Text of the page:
Appeals & Response Plans
- Tropical Cyclone Sagar - May 2018
- Ethiopia: Floods and Landslides - Apr 2018
- Ethiopia: Floods - Aug 2017
- Ethiopia: Measles Outbreak - May 2017
- East Africa: Armyworm Infestation - Mar 2017
- Ethiopia: Acute Watery Diarrhoea (AWD) Outbreak - May 2016
- Ethiopia: Floods - Apr 2016
- Ethiopia: Floods - Oct 2015
- Ethiopia: Drought - 2015-2018
- Ethiopia: Floods - Oct 2014
Most read reports
- Multi-million-dollar project to construct schools in refugee camps and host communities launched in Ethiopia
- EU Desirous to Support Ethiopia in Fighting Human Trafficking: European Commission Official
- Ethiopia Humanitarian Bulletin Issue 69 | 25 November - 9 December 2018
- In southern Ethiopia, herders join forces to revive rangelands
- 700,000 people flee conflict to seek safety in Somali region of Ethiopia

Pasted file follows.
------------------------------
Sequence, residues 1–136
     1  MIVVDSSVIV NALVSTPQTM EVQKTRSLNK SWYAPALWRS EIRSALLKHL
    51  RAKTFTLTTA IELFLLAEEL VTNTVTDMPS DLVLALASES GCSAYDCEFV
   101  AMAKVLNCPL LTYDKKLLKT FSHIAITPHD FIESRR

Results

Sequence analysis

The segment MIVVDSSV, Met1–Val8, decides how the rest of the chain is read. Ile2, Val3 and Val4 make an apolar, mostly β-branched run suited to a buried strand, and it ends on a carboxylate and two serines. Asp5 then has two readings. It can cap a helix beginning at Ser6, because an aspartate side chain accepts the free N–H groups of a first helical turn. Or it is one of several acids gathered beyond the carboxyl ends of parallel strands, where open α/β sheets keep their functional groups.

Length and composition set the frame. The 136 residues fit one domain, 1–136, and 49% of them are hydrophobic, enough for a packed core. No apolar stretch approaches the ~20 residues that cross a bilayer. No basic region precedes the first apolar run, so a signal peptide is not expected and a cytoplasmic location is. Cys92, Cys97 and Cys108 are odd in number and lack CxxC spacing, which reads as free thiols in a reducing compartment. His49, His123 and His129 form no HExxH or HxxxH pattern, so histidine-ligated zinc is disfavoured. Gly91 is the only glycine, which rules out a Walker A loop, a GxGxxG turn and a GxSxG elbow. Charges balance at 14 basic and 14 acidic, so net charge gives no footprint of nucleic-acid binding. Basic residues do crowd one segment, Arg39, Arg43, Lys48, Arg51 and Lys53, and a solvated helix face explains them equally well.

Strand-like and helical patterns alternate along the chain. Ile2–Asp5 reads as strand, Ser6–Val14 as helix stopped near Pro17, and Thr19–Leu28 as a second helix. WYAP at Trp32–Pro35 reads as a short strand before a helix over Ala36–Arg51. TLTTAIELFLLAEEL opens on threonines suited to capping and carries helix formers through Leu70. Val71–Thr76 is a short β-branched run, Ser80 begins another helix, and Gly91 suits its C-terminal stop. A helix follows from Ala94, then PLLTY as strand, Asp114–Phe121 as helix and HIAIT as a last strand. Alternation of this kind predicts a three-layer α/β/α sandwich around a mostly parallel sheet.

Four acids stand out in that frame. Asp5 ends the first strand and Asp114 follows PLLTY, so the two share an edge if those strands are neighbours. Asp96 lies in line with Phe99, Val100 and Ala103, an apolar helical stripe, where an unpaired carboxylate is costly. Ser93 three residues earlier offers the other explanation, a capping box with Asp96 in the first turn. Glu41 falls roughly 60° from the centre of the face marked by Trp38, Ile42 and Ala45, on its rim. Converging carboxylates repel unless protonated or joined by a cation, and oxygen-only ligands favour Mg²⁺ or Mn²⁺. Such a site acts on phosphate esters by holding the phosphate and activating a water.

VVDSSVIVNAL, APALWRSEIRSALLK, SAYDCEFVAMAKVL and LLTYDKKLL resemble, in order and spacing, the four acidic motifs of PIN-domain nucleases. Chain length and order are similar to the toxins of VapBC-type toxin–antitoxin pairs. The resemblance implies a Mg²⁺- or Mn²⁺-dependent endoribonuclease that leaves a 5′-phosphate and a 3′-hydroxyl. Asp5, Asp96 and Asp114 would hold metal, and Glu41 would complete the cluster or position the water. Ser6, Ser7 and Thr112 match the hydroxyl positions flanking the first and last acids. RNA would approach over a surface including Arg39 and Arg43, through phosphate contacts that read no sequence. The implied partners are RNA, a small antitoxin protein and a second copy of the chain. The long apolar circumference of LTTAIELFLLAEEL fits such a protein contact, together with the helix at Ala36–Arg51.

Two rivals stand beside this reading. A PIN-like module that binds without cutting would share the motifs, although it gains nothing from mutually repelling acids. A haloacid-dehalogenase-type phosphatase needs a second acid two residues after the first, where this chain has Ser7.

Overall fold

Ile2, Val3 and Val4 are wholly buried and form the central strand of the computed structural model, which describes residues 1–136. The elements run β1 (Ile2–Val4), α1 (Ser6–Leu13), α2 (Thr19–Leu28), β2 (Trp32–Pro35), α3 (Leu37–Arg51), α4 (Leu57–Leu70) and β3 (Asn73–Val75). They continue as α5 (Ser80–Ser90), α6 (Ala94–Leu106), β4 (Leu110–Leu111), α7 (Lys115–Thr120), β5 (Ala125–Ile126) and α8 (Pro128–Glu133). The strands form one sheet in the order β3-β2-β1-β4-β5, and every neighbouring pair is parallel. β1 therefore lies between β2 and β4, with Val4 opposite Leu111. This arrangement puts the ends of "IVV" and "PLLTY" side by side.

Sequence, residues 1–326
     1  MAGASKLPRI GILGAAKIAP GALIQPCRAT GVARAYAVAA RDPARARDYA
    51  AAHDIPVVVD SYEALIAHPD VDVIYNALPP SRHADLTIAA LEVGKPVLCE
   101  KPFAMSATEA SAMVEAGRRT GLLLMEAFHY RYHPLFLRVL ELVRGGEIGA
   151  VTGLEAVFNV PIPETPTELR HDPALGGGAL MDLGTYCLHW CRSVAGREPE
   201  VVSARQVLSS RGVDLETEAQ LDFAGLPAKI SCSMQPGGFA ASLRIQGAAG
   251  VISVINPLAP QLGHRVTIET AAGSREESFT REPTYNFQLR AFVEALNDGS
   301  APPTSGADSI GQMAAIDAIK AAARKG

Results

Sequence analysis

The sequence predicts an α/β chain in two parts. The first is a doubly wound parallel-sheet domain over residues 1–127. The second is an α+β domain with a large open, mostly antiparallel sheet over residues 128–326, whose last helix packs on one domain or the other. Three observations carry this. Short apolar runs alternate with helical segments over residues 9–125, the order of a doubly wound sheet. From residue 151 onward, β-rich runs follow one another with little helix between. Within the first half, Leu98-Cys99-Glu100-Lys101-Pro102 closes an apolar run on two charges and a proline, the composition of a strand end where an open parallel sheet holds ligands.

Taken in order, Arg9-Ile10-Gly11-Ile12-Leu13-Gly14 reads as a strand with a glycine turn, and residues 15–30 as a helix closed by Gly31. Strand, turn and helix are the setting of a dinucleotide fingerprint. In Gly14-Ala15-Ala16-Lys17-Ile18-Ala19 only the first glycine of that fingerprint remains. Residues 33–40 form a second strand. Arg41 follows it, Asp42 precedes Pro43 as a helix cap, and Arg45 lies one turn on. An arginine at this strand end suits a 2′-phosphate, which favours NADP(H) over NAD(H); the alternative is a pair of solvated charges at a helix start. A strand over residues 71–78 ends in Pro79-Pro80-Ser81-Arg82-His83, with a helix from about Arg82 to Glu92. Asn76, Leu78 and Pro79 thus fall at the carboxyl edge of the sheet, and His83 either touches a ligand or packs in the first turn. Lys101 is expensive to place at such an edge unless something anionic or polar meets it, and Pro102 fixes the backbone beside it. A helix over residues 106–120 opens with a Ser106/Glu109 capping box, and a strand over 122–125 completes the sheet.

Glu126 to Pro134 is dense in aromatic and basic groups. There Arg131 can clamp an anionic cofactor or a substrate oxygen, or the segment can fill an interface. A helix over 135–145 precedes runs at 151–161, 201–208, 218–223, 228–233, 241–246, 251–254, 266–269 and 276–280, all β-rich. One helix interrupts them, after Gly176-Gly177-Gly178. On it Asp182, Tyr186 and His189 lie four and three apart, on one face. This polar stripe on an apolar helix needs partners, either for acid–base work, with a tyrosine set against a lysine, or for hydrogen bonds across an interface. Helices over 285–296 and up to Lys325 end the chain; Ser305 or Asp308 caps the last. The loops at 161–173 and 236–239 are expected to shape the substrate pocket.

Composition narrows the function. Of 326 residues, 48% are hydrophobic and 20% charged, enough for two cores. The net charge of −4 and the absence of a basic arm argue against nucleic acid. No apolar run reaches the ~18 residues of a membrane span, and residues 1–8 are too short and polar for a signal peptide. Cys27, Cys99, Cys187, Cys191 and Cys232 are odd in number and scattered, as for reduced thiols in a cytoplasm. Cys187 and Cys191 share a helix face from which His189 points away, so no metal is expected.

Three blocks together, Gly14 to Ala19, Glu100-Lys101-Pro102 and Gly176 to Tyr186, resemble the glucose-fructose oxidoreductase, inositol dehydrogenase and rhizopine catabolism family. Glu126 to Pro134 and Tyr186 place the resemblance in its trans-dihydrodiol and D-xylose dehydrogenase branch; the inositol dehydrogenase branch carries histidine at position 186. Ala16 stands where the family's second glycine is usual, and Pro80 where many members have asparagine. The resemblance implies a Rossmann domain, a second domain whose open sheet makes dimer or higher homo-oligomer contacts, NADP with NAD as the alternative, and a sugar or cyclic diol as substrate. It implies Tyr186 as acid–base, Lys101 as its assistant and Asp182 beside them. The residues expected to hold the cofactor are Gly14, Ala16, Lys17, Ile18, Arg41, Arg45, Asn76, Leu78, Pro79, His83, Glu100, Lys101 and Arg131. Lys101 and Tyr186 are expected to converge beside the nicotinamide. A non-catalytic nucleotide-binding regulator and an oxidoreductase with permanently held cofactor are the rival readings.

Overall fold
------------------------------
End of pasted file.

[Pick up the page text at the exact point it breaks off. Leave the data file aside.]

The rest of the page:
Animal health emergencies continue to erupt around the world at an ever-increasing pace. Increased global travel, human migration and informal trade of animals and animal products continue to intensify the risk of disease spread. Infectious diseases and other animal health threats have the potential to move rapidly within a country or around the world leading to severe socio-economic and public health consequences. For zoonoses that develop the ability for human to human transmission, an early response to an animal health emergency could prevent the next pandemic.
Throughout 2017, the Central Emergency Response Fund (CERF) supported relief operations in 36 countries to ensure delivery of urgent aid to millions of people in desperate need.
CERF’s 2017 Annual Report, launched today, provides a detailed account of how, during the year, CERF and its partners ensured strategic use of almost $420 million in donor contributions to deliver the highest priority aid, where and when it was need the most.